Peggy was formerly a producer on staff at KCTS (Seattle Public Television) and served as the first Media Director for 911 Media Arts Center. She is a graduate of Reed College in Portland, Oregon. Her production company, Mad As Birds (www.madasbirds.com), is based in Seattle.

Alexis Ferris (Producer)

ZOO is Alexis Ferris second Sundance competition film. As producer, her first feature film Police Beat (Sundance Dramatic Competition 2005), she was instrumental in the financing and managing the monumental task of making a 35mm anamorphic film for under $500K. With ZOO, the second project with Robinson Devor, Ms. Ferris was once again in charge of financing the film, investor relations and worked closely with Mr. Devor about distribution path of ZOO and THINKFilm.

She runs her own production company, Particular Productions, and has the film Available Light in development. Ms. Ferris currently lives in Seattle, WA.

Garr Godfrey (Executive Producer)

Garr Godfrey began investing in independent film in 2005, after a successful career creating independent video games. After creating games for Dreamworks Interactive, he co-founded the company that would eventually be known as GameHouse in 1998. GameHouse, based in Seattle, created independent game hits such as Super Collapse! and TextTwist. Mr. Godfrey began to investigate the Seattle film scene after a friend handed him the script of a film that was to be produced locally, and he was surprised at the number of interesting films that were in the works. ZOO is the second film on which Mr. Godfrey has acted as an Executive Producer.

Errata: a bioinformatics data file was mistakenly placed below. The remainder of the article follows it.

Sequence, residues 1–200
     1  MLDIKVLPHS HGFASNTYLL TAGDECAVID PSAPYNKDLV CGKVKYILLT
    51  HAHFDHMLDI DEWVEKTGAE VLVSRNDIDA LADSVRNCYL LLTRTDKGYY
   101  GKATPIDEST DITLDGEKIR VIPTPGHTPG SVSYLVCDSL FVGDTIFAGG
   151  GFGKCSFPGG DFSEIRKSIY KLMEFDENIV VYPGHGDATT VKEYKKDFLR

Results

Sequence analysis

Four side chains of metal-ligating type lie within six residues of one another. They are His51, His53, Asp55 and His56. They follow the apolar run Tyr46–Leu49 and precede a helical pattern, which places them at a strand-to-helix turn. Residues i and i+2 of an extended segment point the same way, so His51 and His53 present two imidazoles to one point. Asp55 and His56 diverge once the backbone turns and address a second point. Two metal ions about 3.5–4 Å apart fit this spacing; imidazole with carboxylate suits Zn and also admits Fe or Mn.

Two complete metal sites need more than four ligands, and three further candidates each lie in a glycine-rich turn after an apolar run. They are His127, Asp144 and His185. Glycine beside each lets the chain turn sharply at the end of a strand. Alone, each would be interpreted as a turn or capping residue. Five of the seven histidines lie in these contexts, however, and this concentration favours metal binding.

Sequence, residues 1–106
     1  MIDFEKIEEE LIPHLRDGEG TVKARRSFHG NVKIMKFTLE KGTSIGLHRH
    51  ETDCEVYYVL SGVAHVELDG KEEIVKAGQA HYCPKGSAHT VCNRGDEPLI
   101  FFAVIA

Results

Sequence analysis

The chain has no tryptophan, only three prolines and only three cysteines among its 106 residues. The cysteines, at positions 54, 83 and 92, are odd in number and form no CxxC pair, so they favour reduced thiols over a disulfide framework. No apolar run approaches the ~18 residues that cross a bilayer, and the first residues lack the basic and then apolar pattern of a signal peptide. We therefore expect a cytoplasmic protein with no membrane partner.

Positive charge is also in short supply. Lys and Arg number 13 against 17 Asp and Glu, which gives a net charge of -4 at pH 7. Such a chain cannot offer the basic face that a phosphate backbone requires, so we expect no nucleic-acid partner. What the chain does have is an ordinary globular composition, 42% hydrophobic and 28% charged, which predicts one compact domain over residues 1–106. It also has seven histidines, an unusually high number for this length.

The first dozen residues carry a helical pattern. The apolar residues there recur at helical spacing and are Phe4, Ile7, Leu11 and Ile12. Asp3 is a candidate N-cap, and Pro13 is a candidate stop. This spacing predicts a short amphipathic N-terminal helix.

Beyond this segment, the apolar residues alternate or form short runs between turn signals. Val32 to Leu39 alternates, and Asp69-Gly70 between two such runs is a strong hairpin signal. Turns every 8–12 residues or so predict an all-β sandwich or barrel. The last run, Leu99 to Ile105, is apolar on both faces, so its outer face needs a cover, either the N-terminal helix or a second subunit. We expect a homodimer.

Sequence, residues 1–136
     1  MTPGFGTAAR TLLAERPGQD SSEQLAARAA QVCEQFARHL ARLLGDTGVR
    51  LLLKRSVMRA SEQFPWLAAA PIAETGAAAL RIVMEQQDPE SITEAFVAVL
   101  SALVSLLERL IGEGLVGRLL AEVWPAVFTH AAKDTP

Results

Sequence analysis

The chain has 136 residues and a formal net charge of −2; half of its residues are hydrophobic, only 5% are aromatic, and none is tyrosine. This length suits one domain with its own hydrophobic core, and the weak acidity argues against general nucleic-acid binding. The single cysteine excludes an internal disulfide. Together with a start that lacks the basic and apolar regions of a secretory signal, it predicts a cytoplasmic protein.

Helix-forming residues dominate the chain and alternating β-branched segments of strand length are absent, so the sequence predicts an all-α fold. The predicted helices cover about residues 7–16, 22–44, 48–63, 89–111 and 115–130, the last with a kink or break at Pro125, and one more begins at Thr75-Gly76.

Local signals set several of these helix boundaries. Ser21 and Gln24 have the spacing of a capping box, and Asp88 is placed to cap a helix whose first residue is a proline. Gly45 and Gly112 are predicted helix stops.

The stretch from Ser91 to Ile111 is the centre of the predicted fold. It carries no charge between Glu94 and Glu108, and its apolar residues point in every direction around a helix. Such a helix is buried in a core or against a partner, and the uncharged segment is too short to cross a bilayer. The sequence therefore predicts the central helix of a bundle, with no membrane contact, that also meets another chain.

Ben Exworthy (Executive Producer)

Ben Exworthy grew up in Appalachian, Ohio avoiding prosecution and intervention from concerned local citizenry, before graduating from Columbus of Art and Design with an illustration degree. Since 1991, Ben has worked in multimedia and games, primarily in Seattle, and, for 15 months in LA where he helped create game content for SEVERAL timeless television classics, such as Boston Common and Bailey Kippers POV.

In 1998, Ben and his long-time friend and collaborator, Garr Godfrey, started GameHouse, Inc., a relatively successful casual game company, before being acquired by RealNetworks in 2004. Ben and Garr still work at GameHouse creating games that entertain tens of billions of people daily. In his personal life, Ben is the proud father of his 10 month old daughter, Odessa, has the worlds largest collection of superballs and lenticulars, collects his own fingernails, eyelashes and teeth is glass vials, uses entire issues of local newspapers to explore his narcissism and heads the Well-Endowed Exworthy Foundation for the Arts and Irregularities.